Background: Although liver transplantation is widely accepted as the therapeutic strategy for end-stage liver failure, complication of hepatic venous outflow obstruction remains lethal. Currently, ensuring a single wide orifice in both the graft and recipient inferior vena cava has been proposed to avoid hepatic venous outflow obstruction with no theoretical concept. Methods: We herein report a standardization technique for the reconstruction of the hepatic vein based on the causal analysis. Results: During the put-in process, the graft must be positioned in contact with the recipient diaphragm and slightly pushed to the cranial direction to simulate the state after abdominal closure. Because there is no extra space between the graft and diaphragm, the graft could not rotate about the anastomotic site of the inferior vena cava toward the diaphragm after abdominal closure as the intestinal pressure increases, and accordingly hepatic venous outflow obstruction does not develop. Conclusions: With this concept, all transplant surgeons can successfully and easily perform hepatic vein reconstruction without total clamping of the inferior vena cava and without outflow block.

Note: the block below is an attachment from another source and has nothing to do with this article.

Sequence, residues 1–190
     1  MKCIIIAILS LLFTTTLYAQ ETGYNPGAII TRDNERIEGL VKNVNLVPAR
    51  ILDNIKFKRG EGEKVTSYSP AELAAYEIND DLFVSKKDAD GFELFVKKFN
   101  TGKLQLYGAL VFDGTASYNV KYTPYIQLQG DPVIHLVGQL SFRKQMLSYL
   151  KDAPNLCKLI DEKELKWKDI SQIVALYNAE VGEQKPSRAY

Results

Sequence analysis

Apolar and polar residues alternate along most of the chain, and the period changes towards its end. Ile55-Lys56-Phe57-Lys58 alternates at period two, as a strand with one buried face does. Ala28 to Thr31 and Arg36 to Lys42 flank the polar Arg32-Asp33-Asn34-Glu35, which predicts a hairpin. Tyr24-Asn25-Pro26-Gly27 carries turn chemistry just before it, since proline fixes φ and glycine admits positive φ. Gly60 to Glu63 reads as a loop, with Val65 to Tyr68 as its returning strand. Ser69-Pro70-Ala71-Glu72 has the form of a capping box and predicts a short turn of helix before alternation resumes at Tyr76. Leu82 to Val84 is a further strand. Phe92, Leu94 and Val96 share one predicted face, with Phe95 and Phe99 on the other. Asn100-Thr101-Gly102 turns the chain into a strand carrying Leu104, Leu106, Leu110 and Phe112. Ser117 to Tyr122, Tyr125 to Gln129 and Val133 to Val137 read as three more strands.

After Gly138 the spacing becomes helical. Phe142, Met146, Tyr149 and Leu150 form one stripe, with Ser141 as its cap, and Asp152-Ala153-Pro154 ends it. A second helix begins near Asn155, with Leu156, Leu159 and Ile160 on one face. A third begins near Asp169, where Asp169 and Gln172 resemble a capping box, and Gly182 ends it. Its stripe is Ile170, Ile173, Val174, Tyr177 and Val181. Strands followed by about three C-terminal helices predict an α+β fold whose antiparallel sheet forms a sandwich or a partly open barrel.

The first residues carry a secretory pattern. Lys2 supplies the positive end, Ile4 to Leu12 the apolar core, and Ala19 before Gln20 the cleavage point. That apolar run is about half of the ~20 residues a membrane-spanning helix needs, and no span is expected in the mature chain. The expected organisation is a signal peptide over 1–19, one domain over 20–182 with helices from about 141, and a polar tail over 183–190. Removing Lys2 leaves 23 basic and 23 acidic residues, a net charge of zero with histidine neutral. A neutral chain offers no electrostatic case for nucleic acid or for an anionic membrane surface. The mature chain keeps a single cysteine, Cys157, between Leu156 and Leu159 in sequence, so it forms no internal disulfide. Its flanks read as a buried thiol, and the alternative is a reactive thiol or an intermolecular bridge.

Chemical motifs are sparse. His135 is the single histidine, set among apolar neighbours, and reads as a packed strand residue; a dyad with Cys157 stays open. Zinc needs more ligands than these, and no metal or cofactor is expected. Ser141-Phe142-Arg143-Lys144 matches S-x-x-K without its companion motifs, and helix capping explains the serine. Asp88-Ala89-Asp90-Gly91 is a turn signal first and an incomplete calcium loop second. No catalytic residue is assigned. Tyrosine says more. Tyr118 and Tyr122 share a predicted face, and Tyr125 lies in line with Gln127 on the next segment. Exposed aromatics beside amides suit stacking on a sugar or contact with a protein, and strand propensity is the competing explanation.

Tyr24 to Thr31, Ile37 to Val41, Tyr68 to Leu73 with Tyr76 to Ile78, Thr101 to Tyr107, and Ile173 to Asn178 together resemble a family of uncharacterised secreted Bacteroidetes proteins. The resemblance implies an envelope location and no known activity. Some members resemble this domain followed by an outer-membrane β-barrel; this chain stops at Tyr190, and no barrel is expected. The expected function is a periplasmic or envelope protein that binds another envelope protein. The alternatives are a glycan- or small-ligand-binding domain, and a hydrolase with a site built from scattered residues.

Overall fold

|Number of pages||5|
|Publication status||Published - 12-2021|
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